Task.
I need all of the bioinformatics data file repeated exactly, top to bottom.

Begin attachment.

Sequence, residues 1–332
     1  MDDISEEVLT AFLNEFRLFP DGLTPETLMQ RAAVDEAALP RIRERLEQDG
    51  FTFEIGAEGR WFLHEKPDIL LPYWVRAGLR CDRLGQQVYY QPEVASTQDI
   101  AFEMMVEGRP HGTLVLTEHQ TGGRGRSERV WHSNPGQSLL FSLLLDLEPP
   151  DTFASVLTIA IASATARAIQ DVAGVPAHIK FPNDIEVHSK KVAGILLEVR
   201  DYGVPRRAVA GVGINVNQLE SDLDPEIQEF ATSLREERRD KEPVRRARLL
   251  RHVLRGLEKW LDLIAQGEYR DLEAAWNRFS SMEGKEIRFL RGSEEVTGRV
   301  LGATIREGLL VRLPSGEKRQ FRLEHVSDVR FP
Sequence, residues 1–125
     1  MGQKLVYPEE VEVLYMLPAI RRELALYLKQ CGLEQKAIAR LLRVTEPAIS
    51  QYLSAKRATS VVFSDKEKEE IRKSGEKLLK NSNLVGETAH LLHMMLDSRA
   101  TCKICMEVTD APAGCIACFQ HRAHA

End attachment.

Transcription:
Sequence, residues 1–332
     1  MDDISEEVLT AFLNEFRLFP DGLTPETLMQ RAAVDEAALP RIRERLEQDG
    51  FTFEIGAEGR WFLHEKPDIL LPYWVRAGLR CDRLGQQVYY QPEVASTQDI
   101  AFEMMVEGRP HGTLVLTEHQ TGGRGRSERV WHSNPGQSLL FSLLLDLEPP
   151  DTFASVLTIA IASATARAIQ DVAGVPAHIK FPNDIEVHSK KVAGILLEVR
   201  DYGVPRRAVA GVGINVNQLE SDLDPEIQEF ATSLREERRD KEPVRRARLL
   251  RHVLRGLEKW LDLIAQGEYR DLEAAWNRFS SMEGKEIRFL RGSEEVTGRV
   301  LGATIREGLL VRLPSGEKRQ FRLEHVSDVR FP
Sequence, residues 1–125
     1  MGQKLVYPEE VEVLYMLPAI RRELALYLKQ CGLEQKAIAR LLRVTEPAIS
    51  QYLSAKRATS VVFSDKEKEE IRKSGEKLLK NSNLVGETAH LLHMMLDSRA
   101  TCKICMEVTD APAGCIACFQ HRAHA